Comics After Alley Oop

The comic strip has been an important part of American culture for well over a century. In the past 75 years, the comics genre has seen many changes in format and style, and today there exists a rich variety of artistic styles. The following selections from the Comic Art Collection held in the Special Collections Division of Ellis Library are but a few of the many important works that either are contemporary to Alley Oop or have been created since Alley Oop was first printed. The Collection contains original art work, well-known comic issues, up-and-coming artists, underground comix, and graphic novels.


Bill Watterson.
The Calvin and Hobbes lazy Sunday book.
Kansas City: Andrews and McMeel, 1989.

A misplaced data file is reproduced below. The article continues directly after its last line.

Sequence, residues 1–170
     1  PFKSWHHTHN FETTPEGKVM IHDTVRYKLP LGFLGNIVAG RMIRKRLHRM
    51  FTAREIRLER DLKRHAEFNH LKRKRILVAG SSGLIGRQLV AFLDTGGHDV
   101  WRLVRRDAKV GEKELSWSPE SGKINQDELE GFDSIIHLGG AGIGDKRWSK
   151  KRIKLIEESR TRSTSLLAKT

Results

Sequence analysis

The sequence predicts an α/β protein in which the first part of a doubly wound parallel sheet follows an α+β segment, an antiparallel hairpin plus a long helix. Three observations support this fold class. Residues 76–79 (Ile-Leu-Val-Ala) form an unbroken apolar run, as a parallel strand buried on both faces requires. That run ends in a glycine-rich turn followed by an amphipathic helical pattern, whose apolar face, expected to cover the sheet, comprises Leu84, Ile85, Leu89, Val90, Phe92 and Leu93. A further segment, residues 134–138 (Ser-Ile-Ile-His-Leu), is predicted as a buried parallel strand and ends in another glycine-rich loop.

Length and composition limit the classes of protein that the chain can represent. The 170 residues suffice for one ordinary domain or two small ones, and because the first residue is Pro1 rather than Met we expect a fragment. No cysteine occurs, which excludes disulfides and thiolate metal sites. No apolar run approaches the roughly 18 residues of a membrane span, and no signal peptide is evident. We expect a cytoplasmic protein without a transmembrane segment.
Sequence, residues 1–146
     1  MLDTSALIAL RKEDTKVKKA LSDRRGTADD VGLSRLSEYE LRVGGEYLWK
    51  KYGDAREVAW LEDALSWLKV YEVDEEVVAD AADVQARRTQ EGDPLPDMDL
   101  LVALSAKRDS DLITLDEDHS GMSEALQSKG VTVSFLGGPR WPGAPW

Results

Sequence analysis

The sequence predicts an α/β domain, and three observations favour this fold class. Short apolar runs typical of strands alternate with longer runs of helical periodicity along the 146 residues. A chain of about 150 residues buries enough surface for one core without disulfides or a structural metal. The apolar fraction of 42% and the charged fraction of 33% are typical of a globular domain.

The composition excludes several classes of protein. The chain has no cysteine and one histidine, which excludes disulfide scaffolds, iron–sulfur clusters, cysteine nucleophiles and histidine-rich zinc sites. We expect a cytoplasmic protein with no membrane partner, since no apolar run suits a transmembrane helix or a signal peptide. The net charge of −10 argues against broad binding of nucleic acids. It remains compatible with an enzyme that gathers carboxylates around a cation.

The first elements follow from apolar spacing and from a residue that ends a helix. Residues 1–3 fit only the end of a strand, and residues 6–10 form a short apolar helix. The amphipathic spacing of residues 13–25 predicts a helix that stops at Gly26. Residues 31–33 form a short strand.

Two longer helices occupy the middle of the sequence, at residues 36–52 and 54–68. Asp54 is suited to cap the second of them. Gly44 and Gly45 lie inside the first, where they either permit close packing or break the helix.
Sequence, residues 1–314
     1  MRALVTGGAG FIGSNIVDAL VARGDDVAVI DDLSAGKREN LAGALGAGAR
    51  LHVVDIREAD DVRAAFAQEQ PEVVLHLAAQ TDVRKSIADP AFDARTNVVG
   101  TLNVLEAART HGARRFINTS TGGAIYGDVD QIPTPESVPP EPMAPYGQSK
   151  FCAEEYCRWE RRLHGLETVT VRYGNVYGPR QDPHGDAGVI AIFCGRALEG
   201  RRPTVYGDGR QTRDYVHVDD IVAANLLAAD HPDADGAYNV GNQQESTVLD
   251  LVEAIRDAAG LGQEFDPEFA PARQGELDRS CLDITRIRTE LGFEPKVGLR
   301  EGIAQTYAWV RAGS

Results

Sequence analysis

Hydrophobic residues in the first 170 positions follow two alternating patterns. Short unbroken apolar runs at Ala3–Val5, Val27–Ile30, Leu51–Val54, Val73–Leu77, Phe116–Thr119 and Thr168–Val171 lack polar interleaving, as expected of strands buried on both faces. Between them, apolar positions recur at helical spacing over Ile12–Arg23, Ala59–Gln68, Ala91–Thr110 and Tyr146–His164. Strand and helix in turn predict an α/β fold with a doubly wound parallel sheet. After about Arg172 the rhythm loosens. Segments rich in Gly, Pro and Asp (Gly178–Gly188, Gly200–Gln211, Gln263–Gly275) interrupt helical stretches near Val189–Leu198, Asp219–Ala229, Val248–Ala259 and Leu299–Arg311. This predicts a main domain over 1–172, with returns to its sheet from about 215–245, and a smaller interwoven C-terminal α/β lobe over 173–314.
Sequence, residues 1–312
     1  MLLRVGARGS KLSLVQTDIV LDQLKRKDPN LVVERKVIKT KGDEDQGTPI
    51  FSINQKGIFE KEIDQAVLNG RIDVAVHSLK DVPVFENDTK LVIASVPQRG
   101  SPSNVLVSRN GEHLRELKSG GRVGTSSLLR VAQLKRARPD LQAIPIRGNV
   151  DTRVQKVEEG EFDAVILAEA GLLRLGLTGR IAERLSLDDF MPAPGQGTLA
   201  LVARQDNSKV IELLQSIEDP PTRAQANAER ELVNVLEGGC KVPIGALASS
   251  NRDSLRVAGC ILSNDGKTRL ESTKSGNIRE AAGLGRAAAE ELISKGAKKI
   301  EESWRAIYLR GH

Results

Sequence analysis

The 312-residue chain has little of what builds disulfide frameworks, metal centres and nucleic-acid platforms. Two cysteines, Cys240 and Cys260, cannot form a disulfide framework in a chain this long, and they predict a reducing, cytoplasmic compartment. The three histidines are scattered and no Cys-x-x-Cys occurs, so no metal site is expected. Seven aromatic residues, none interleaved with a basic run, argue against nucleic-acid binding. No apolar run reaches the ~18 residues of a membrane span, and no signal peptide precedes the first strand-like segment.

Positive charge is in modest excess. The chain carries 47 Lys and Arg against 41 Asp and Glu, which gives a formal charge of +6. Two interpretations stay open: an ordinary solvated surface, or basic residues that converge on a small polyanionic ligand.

©1989, Universal Press Syndicate.

Calvin and Hobbes

The antics and adventures of young Calvin and his stuffed tiger Hobbes were drawn, written, and inked solely by creator Bill Watterson. The world of Calvin and Hobbes was filled with everyday life and imagination, including a 6-year-old boy's play world of dinosaurs, superheroes, and a time machine. The strip ran from November 18, 1985- December 31, 1995 and at its height, was carried in over 2,500 newspapers. The strip received many accolades throughout its run, including several Harvey, Eisner, and Reuben Awards. The strip was so popular that newspapers paid full price for previously run strips during a sabbatical taken by Watterson. Watterson was also able to force newspaper editors to change the way they structured the Sunday comics to accommodate his artistic needs. Although Calvin and Hobbes is one of the best loved comics of all time, Watterson continually rejects licensing and merchandising opportunities to stay true to his characters.